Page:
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Wyoming Lottery Corporation


The Wyoming Lottery Retailer Selection Process

February 26, 2014 •  www.wyolotto.com

Statewide Access

The Wyoming Lottery Corporation is dedicated to an open, objective and fair methodology to ensure that players have statewide access to the WyoLotto products they wish to play. To that end, the Wyoming Lottery Corporation Board of Directors and management team are currently developing a process for contracting with retailers who are interested in selling lottery products. Once the process and retailer contract are defined and approved, Lottery management will begin vetting the process and the contents of the contract with the Wyoming Lottery Corporation Board of Directors, potential retailers and other key stakeholders to ensure that the process is fair and unbiased.

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September 23, 2013 12:00 pm  •  Associated Press 

CHEYENNE — The Wyoming Lottery Corporation on Monday announced its selection of an Oregon man to serve as its first chief executive officer.+Jon Clontz, 49, will start Oct. 7 as CEO at a salary of $165,000 a year, said Brian Scott Gamroth, chairman of the Wyoming Lottery Corporation board.+Clontz served as deputy director with the Oregon Lottery for the past two years.+"His leadership qualities, strong communication skills, and a proven track record of success with the Oregon Lottery give us great confidence in his abilities to get things done for Wyoming," Gamroth said.+The Wyoming Legislature approved the creation of a state lottery early this year, and Gov. Matt Mead appointed the nine-member lottery board over the summer. Officials hope to have the lottery up and running next year.+The board says Clontz is an Army veteran and has a master's degree in public administration from The Evergreen State College in Olympia, Wash. His wife Renee and son Max will relocate to Cheyenne later this year.+Gamroth said Clontz will give information at a lottery board meeting in Casper this afternoon and Tuesday on how soon ticket sales may begin in Wyoming.+The board selected Clontz from among dozens of applicants, Gamroth said. He said the position was publicized in national lottery publications.+The lottery is expected to gross about $25 million in Wyoming, netting about $6 million a year after expenses and prizes. The first $6 million of proceeds will go to local governments. Anything above goes to a school fund.+Getting a statewide lottery in Wyoming has taken many years. Before the measure ultimately passed the Legislature this year, lottery bills had been shot down since the 1980s. Before this year, lottery proposals had never cleared the House, where revenue-generating bills originate.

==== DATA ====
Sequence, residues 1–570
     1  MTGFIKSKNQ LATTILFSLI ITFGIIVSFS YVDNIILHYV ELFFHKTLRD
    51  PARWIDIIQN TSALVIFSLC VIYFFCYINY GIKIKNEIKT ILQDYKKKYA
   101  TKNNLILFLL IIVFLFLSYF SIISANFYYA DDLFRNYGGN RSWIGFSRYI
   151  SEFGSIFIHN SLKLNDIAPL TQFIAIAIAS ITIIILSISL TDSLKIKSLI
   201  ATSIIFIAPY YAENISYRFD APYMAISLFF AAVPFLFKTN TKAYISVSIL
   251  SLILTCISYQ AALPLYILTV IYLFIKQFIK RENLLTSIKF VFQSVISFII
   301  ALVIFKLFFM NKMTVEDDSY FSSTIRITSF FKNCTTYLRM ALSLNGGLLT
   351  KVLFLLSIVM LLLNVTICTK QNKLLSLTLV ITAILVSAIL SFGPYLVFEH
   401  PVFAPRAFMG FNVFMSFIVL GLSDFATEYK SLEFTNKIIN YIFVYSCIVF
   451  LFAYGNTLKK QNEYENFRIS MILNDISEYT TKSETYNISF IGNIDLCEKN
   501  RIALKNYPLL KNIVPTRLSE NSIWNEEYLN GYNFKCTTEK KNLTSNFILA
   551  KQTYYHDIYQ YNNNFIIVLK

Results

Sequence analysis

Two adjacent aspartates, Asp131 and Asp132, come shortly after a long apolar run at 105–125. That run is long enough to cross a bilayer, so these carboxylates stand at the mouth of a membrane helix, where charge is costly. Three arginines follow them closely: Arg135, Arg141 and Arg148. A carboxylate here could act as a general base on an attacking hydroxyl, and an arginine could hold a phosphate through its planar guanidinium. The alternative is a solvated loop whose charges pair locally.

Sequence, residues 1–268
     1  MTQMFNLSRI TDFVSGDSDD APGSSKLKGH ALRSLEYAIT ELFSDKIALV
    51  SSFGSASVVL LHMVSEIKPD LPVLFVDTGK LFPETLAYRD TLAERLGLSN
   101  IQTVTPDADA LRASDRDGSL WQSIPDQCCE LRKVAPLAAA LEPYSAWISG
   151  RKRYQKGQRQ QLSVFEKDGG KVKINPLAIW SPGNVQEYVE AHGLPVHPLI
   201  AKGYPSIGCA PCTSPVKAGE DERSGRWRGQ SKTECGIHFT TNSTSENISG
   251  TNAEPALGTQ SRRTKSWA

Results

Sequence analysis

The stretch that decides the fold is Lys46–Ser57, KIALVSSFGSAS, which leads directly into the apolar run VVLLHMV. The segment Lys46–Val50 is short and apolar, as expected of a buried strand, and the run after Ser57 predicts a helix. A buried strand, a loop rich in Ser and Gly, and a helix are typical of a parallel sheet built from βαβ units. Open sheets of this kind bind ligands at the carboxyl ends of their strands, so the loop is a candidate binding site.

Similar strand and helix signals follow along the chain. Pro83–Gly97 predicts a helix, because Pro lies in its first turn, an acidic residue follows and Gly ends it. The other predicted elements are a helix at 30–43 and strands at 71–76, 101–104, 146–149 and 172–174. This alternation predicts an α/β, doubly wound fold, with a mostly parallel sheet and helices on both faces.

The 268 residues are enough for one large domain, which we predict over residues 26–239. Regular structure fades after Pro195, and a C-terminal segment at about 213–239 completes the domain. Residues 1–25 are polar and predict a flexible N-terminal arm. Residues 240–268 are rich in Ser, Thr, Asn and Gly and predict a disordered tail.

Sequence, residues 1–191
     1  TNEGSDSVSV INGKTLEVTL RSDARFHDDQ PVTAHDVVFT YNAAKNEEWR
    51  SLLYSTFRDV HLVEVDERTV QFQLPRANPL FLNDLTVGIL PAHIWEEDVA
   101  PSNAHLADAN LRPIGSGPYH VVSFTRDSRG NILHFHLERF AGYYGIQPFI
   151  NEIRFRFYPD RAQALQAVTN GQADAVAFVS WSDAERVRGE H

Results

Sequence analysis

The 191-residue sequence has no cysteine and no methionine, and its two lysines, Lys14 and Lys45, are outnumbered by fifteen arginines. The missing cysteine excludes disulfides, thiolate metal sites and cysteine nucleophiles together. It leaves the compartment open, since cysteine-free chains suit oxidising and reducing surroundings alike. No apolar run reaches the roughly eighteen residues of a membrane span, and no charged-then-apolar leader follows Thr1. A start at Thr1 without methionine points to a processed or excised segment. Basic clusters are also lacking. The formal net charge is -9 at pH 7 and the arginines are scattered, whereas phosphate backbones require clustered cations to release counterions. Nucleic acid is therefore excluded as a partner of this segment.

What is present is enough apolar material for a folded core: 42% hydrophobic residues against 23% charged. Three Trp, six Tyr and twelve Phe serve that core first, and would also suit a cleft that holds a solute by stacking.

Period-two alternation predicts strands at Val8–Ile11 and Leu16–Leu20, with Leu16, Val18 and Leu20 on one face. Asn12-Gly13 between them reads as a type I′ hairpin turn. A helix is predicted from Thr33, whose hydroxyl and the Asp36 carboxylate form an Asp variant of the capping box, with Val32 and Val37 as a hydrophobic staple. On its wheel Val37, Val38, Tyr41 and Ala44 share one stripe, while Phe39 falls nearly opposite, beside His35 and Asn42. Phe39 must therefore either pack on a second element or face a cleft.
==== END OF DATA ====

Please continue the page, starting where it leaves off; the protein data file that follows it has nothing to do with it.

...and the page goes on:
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August 08, 2013 9:30 pm  •  

The board charged with establishing the Wyoming Lottery Corporation expects to secure its first lender and interview three chief executive officer finalists within the next three weeks.

The governor-appointed, nine-member Wyoming Lottery Board has been building a lottery from scratch since its first meeting on July 8.

Friday is the final day for Wyoming banks to submit proposals for a $1 million loan to the corporation, the board announced during a teleconference on Thursday. Board members said they plan to choose a lender

by Wednesday.

Six banks received requests for proposals from the board last month. Two have submitted their offers, and board members expect two more proposals by the end of Friday.

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July 08, 2013 8:00 pm  •  

The nine-member Wyoming Lottery Board, meeting on Monday for the first time, set its sights on a January 2014 launch date for its games of chance.

But six months leaves the group little time. Members began quick work on its corporate structure and the framework for equipping retail stores for a lottery in less than six months.

“We will launch when we know we have the right product for Wyoming,” said Brian Scott, board chairman and a radio host in Casper. “For some states, it has been four, six or eight months.”

The board wasn’t allowed to convene until after July 1, so it has a lot of work to do before it can get the Wyoming Lottery Corporation running. The corporation is still without a CEO, lottery vendor and the funds to start the company.

“With the right CEO and the right vendor, we can be up and running in less than six months,” said Mike Moser, the executive director of the Wyoming State Liquor Association.

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